Dir. Keishi Kondo (2022)
A call girl who has recently lost her daughter has a strange customer who insists on taking pictures of various parts of her body. She discovers that the parts he photographs are able to feel the presence of her dead daughter.
CAUTION: MAY CONTAIN SPOILERS
Screambox has been on fire lately with their releases, touring the world and giving their paying customers a smorgasbord of American and international releases that explore all sorts of horror staples, from body horror to documentary (including a new Robert Englund documentary that is a must-see for horror fans). In New Religion, releasing June 20th from the streaming network, a mother who has recently lost her daughter (after a bout of negligence, no less) is forced to work as a call girl after her husband divorces her. The country is victim to rising unemployment and a down economy, threatening even the world's oldest profession with insolvency. Thankfully, Miyabi (Kaho Seto) gets a paying customer, though unfortunately he happens to have a few quirks, namely taking pictures of random body parts (a spine here, an eye there) of his new companion. Miyabi notices, however, that the more pictures that he takes, the more she feels the presence of her dead daughter.
New Religion does its best to deliver as much emotion as it does horror, correlating Miyabi's melancholic existence with the collapse of the society in which she lives. Her profound loss still affects her three years later, and the peculiar cast of characters that live within her new world are all as damaged as she is. Her customer, the only one that we see her visit, is obsessed with moths and photography, and his attempts to capture her on film leads her to a metamorphosis not unlike those that are undergone by his other infatuation. While Miyabi is probing her client for details around a bizarre string of slashings that may have been performed by one of her coworkers who was the man's previous escort, the man remains focused on his task, taking pictures of her in his dimly lit cave of an apartment. His singular focus is similar to Miyabi's focus on her daughter, allowing the audience to see the neuroses of both parties on full display.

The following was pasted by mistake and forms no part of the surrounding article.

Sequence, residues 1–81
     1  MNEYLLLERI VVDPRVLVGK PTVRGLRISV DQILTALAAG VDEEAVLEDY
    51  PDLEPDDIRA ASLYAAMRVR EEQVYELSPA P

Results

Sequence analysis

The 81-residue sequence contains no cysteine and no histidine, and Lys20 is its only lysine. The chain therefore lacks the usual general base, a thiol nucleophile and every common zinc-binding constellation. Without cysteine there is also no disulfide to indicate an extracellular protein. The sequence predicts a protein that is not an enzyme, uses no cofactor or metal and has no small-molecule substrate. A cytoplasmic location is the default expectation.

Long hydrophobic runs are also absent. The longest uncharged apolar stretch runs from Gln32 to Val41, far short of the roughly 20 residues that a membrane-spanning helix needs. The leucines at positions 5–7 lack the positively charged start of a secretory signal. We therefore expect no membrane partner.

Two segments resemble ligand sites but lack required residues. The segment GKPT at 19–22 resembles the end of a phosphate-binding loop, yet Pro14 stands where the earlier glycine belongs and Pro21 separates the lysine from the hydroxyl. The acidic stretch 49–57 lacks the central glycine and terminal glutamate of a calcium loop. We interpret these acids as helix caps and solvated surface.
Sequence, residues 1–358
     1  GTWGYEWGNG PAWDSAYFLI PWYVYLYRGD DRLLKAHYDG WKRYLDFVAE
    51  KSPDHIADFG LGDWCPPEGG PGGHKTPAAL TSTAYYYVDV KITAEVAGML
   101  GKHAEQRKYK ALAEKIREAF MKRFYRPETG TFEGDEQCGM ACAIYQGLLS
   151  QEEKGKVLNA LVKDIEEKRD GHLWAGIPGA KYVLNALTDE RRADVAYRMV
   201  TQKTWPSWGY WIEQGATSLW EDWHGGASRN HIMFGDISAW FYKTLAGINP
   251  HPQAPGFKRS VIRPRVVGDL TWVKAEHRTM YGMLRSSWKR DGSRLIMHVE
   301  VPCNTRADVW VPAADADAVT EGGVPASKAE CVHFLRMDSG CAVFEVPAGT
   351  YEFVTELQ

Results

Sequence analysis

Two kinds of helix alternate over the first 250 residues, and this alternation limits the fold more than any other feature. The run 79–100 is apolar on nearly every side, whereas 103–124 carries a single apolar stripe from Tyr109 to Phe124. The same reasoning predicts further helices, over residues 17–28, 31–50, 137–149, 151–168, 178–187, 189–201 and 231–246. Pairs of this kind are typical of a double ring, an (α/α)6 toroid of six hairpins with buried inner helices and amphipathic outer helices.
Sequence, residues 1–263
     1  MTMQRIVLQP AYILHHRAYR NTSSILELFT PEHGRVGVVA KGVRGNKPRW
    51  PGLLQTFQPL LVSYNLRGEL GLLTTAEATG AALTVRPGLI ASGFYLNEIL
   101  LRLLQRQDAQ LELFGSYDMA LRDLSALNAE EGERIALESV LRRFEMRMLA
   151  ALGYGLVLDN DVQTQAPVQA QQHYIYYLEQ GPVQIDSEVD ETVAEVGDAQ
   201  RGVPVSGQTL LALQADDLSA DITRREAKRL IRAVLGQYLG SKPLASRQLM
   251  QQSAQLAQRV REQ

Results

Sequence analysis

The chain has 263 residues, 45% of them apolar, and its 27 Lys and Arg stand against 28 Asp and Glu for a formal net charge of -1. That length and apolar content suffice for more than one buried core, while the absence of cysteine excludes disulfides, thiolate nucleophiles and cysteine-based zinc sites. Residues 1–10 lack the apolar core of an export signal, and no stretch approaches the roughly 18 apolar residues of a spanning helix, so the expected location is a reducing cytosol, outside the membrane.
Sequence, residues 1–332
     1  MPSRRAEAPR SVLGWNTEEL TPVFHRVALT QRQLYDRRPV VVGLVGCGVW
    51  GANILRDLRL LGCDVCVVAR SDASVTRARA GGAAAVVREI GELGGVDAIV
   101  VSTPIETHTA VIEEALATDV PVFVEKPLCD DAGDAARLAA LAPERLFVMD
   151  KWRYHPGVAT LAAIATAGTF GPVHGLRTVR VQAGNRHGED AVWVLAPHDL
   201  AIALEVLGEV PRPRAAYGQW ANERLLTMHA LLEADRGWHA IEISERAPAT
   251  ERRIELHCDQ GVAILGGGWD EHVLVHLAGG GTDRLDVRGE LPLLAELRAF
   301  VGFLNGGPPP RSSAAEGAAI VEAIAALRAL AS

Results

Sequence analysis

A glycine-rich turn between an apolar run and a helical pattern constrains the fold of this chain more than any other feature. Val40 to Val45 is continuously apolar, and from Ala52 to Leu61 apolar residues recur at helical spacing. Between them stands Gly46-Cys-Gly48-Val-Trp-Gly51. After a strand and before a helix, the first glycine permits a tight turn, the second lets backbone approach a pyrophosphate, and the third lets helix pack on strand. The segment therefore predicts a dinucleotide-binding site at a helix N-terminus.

Director Keishi Kondo does a great job with this one, utilizing an almost total lack of soundtrack or score to give his film a claustrophobic mood that further identifies the audience with Miyabi. Her world is tiny, despite living in a big city, because she is unable to step outside of her own limits because of her grief. She is stuck in her tiny apartment, watering the plants on the balcony that her daughter fell from, living as an echo of her deceased child in an inescapable loop. Despite attempts by those around her to help her escape, such as the neighbor/cohabitant who offers to get a job to enable her to move out of the city or the driver who warns her not to get too close to a man with such aberrant demands on his escorts, Miyabi is trapped. Kondo displays Miyabi as if she is a museum piece, pinned under glass like her john's collection of lepidoptera.
There's something that just feels off about the film, as if Kondo is giving us a view of something we're not really supposed to see. It feels very personal, a relentless progression of a forlorn life that is following an unavoidable track into madness. The loss is inescapable, any way out of Miyabi's predicament feeling pointless and without hope. Miyabi becomes increasingly unhinged, the sole recipient of her daughter's return, her physical deterioration contrasted with the increasing physical presence of her daughter. Seto does a great job with the character, delivering a gorgeous and haunting performance that shows a woman whose emotions are at best surface level and at worst completely dampened by despair. The cinematography is phenomenal, delivering an eerie aesthetic that alternates between the light, pulsing blues of a nightclub and the deep, disturbing reds of moth man's dungeon-like home. The audience never feels safe, as even the well-lit balcony of Miyabi's apartment is home to horrific tragedy in the film's opening frames.
All in all, this is a film that will be a hit for lovers of emotional horror and the intricacies of Asian cinema. While there are some elements that could use some refinement, such as the movie's slow, plodding framework and the relative lack of action through most of the runtime, the visual aesthetic is excellent and the performances within don't leave a whole lot to desire. Director Keishi Kondo has an eye for the bizarre, and the refinement of his vision will likely lead to even better efforts in the future.
Who this movie is for: Foreign horror lovers, Emotional horror fans, Botanists
Bottom line: Perhaps too slow for some but containing an emotional gutpunch that will hit home for many viewers, New Religion is an enthralling depiction of grief and the inescapability of the worst parts of life. Star Kaho Seto is wonderful in her performance as a grieving, guilty mother, and director Keishi Kondo delivers a watchable film that feels uncomfortable all the way through. This one is streaming on Screambox June 20th, and if you can stomach the slow-burn, unconventionality of what Kondo puts on film, this is one you'll definitely want to check out. As inventive as it is intriguing.